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LPL Fined for Supervisory Problems

LPL Financial has been fined $100,000 for failing to properly oversee one of
its brokers in Oregon who sold risky investments to people, many of them
elderly and without the mental capacity to make investment decisions.

The Oregon Division of Financial and Corporate Securities says LPL
Financial, a division of LPL Investment Holdings Inc.,, has since improved
it oversight procedures.

The fine stemmed from the actions of Jack Kleck, branch manager for LPL
Financial in La Grande, Ore., who sold investments in high-risk oil and gas
partnerships to nearly three dozen Oregon residents. Many of the investors
were elderly and the investments were not suitable for the clientele, given
their age and investment objectives, the division says.

The division found LPL Financial violated securities laws, including failing
to diligently supervise the actions of its broker and failing to ensure
company policies and procedures were enforced.

Kleck’s securities license was revoked in 2007, barring him from doing
business in Oregon, and a subsequent investigation led to the fine against
LPL, says Melanie Mesaros, division spokeswoman. Kleck was fined $30,000.

Many of Kleck’s clients were in their seventies and eighties and some were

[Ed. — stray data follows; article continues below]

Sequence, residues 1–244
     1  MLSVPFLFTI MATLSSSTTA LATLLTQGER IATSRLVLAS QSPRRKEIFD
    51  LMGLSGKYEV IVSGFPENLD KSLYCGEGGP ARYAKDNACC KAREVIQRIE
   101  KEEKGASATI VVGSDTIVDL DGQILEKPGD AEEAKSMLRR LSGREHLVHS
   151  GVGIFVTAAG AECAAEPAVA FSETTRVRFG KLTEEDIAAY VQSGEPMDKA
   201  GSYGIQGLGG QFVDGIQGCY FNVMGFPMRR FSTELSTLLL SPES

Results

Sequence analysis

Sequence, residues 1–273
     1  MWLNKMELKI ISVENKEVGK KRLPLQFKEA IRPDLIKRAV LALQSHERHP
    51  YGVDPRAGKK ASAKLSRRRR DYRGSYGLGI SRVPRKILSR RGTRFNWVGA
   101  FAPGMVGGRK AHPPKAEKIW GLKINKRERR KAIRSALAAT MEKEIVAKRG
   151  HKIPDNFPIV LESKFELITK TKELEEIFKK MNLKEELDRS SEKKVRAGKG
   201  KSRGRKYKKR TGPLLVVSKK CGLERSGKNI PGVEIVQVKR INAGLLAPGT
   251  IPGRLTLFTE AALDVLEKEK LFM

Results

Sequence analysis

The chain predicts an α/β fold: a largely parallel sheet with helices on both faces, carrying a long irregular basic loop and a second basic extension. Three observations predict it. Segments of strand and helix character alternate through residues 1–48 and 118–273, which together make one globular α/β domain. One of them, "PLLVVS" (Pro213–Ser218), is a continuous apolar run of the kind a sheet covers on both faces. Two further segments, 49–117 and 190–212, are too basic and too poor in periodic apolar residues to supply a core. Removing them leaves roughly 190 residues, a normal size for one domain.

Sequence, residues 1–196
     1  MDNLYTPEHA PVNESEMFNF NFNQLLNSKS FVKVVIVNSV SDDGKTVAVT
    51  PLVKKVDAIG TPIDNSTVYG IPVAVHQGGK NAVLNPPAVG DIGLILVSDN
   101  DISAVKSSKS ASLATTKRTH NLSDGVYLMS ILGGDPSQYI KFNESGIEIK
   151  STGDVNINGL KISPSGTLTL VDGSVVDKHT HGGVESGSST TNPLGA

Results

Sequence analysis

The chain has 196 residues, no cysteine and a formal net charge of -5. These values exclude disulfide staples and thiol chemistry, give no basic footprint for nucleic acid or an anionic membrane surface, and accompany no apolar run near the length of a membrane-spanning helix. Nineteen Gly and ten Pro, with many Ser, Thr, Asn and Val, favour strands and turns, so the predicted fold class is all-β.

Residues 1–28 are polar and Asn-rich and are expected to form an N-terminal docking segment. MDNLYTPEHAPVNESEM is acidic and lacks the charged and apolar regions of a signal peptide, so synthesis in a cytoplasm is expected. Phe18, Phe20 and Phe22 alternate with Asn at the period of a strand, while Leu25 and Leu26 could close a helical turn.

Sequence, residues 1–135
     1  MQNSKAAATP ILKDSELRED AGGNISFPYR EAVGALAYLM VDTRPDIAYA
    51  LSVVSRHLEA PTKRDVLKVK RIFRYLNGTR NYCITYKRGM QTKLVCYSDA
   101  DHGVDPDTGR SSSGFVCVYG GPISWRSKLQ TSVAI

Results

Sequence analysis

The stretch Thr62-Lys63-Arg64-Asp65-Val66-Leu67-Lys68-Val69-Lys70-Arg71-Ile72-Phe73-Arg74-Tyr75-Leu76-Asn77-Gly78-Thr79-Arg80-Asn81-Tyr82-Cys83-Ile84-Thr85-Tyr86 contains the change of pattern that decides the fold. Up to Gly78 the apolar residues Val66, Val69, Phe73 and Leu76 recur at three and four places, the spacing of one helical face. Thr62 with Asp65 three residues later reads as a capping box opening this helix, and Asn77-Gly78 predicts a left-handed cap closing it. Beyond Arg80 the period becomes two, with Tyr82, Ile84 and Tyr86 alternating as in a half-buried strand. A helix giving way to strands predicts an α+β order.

not capable, due to poor health, of making sound investment decisions, the
division says.

“This case underscores the importance of investing with individuals and
firms licensed by the state of Oregon,” says David Tatman, division
administrator. “The state examines licensed brokerage firms and the division
will take appropriate action against firms that do not comply with the law.”

LPL has taken numerous steps to improve its compliance and supervisory
practices, the division says. The company has increased the number of
employees devoted to compliance and supervision related functions, increased
its pre-sale review of transactions and enhanced branch office examinations.

Michael Herley, LPL spokesman, says, “LPL Financial worked closely with the
Division of Finance and Corporate Securities to resolve the matter, which
was isolated and limited to one advisor. As a matter of practice, the firm
always looks for opportunities to enhance the effectiveness of its
compliance, supervisory and surveillance systems, and will continue to do so
in the future.”